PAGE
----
Last week, an anti-Brexit protest on the border in Killeen, County Louth, saw mock customs checks bring traffic to a near standstill. But, so far, the discussion around what the future looks like for the 260 border crossings has focused predominantly on its potential effects on Ulster’s fragile peace. Last week Bruton’s successor as Taoiseach, Bertie Ahern, warned “any sort of physical border” would be “bad for the peace process”. 

Bruton does not disagree, and is concerned by what the UK’s withdrawal from the European Convention on Human Rights might mean for the Good Friday Agreement. But he believes the preoccupation with the legacy of violence has distracted British policymakers from the potentially devastating economic impact of Brexit. “I don’t believe that any serious thought was given to the wider impact on the economy of the two islands as a whole," he said. 

The collapse in the pound has already hit Irish exporters, for whom British sales are worth £15bn. Businesses that work across the border could yet face the crippling expense of duplicating their operations after the UK leaves the customs union and single market. This, he says, will “radically disturb” Ireland’s agriculture and food-processing industries – 55 per cent of whose products are sold to the UK. A transitional deal will "anaesthetise" people to the real impact, he says, but when it comes, it will be a more seismic change than many in London are expecting. He even believes it would be “logical” for the UK to cover the Irish government’s costs as it builds new infrastructure and employs new customs officials to deal with the new reality.

Despite his past support for Britain, the government's push for a hard Brexit has clearly tested Bruton's patience. “We’re attempting to unravel more than 40 years of joint work, joint rule-making, to create the largest multinational market in the world," he said. It is not just Bruton who is frustrated. The British decision to "tear that up", he said, "is regarded, particularly by people in Ireland, as a profoundly unfriendly act towards neighbours".

Nor does he think Leave campaigners, among them the former Northern Ireland secretary Theresa Villiers, gave due attention to the issue during the campaign. “The assurances that were given were of the nature of: ‘Well, it’ll be alright on the night!’," he said. "As if the Brexit advocates were in a position to give any assurances on that point.” 

Indeed, some of the more blimpish elements of the British right believe Ireland, wedded to its low corporate tax rates and east-west trade, would sooner follow its neighbour out of the EU than endure the disruption. Recent polling shows they are likely mistaken: some 80 per cent of Irish voters say they would vote to remain in an EU referendum.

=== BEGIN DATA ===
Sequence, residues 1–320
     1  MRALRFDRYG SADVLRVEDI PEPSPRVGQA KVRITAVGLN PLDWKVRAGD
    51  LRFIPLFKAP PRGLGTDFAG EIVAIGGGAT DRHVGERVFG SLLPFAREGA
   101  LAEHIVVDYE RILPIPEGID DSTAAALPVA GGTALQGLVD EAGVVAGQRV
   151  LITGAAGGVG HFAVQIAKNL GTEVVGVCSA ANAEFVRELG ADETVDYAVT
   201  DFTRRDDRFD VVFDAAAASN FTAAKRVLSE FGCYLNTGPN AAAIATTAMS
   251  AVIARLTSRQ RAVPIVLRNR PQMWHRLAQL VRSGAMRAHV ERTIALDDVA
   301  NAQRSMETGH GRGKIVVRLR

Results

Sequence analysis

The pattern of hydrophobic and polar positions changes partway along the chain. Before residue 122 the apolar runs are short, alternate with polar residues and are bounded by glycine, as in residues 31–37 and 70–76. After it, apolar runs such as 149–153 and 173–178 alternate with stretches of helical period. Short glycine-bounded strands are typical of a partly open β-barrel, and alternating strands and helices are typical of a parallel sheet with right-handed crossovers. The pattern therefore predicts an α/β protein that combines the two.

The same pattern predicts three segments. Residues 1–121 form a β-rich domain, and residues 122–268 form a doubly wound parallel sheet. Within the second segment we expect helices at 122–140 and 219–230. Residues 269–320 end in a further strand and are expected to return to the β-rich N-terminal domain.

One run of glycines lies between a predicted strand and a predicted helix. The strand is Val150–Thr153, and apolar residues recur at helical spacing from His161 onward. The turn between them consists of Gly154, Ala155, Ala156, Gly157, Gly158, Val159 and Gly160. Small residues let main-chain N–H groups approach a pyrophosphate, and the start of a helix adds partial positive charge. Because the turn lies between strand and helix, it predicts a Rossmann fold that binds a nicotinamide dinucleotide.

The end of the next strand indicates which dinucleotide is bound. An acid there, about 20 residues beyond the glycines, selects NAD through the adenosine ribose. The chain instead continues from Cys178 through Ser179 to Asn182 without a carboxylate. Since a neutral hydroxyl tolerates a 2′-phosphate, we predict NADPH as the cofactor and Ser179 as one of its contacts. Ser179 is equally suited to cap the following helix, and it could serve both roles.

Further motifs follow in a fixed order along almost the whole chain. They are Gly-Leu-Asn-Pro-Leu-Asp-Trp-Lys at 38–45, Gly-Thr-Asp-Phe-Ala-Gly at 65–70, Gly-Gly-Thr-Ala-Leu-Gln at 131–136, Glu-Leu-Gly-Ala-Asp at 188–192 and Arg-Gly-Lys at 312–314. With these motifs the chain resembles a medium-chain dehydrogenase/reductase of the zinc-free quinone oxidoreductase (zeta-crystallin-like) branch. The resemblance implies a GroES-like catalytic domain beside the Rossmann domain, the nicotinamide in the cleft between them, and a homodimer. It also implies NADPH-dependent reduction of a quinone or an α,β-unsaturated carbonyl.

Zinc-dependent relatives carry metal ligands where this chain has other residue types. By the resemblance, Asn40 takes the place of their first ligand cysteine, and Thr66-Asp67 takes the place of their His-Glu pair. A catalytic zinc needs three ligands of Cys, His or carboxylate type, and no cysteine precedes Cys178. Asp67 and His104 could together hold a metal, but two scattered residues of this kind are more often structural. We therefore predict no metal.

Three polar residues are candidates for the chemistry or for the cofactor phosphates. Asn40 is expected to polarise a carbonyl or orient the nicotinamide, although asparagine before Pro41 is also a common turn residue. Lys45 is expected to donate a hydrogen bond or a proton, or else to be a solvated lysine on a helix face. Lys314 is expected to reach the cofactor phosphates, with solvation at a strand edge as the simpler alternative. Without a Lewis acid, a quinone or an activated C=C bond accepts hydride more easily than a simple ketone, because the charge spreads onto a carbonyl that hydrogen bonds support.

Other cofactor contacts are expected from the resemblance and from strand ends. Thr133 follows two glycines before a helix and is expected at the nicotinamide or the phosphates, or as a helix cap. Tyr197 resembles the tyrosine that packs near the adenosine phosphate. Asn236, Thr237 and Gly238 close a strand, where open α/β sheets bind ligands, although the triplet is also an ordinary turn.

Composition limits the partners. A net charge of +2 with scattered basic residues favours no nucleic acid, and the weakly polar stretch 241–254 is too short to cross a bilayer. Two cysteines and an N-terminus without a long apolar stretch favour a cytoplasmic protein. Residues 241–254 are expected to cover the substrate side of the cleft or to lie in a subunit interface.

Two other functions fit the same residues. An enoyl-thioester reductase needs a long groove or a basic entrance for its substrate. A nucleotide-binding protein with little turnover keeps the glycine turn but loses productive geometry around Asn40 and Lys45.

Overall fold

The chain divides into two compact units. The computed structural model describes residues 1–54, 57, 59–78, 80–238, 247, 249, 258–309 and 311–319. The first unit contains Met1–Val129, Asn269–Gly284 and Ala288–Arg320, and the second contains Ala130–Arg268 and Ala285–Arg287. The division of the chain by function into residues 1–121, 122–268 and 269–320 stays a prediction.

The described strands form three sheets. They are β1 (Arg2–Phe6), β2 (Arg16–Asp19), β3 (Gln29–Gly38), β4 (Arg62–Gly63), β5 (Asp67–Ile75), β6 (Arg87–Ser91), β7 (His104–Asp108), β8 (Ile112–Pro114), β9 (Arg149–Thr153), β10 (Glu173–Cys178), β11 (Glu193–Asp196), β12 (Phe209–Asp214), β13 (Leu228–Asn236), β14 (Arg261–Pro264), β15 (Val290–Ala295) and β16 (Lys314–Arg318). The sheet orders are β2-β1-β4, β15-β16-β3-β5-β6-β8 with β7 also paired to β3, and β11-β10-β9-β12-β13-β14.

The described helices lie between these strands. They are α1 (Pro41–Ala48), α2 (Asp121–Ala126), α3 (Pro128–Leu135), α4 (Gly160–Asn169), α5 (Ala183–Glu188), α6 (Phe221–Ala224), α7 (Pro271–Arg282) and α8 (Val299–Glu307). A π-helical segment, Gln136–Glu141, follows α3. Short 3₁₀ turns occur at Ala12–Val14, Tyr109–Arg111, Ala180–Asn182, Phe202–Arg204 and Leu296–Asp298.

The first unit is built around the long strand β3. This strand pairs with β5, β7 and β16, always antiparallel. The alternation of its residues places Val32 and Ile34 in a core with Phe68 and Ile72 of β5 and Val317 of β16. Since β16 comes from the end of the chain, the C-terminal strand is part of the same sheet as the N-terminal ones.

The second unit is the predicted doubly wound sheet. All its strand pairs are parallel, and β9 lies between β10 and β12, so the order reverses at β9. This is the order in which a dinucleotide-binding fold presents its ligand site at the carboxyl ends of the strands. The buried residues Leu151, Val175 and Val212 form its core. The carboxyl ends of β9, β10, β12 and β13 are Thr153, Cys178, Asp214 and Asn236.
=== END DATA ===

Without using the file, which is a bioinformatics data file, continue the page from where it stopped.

Irexit remains a fringe cause and Bruton believes, post-Brexit, Dublin will have no choice but to align itself more closely with the EU27. “The UK is walking away,” he said. “This shift has been imposed upon us by our neighbour. Ireland will have to do the best it can: any EU without Britain is a more difficult EU for Ireland.” 

May, he says, has exacerbated those difficulties. Her appointment of her ally James Brokenshire as secretary of state for Northern Ireland was interpreted as a sign she understood the role’s strategic importance. But Bruton doubts Ireland has figured much in her biggest decisions on Brexit: “I don’t think serious thought was given to this before her conference speech, which insisted on immigration controls and on no jurisdiction for the European Court of Justice. Those two decisions essentially removed the possibility for Ireland and Britain to work together as part of the EEA or customs union – and were not even necessitated by the referendum decision.”

There are several avenues for Britain if it wants to avert the “voluntary injury” it looks set to inflict to Ireland’s economy and its own. One, which Bruton concedes is unlikely, is staying in the single market. He dismisses as “fanciful” the suggestions that Northern Ireland alone could negotiate European Economic Area membership, while a poll on Irish reunification is "only marginally" more likely. 

The other is a variation on the Remoaners’ favourite - a second referendum should Britain look set to crash out on World Trade Organisation terms without a satisfactory deal. “I don’t think a second referendum is going to be accepted by anybody at this stage. It is going to take a number of years,” he said. “I would like to see the negotiation proceed and for the European Union to keep the option of UK membership on 2015 terms on the table. It would be the best available alternative to an agreed outcome.” 

As things stand, however, Bruton is unambiguous. Brexit means the Northern Irish border will change for the worse. “That’s just inherent in the decision the UK electorate was invited to take, and took – or rather, the UK government took in interpreting the referendum.”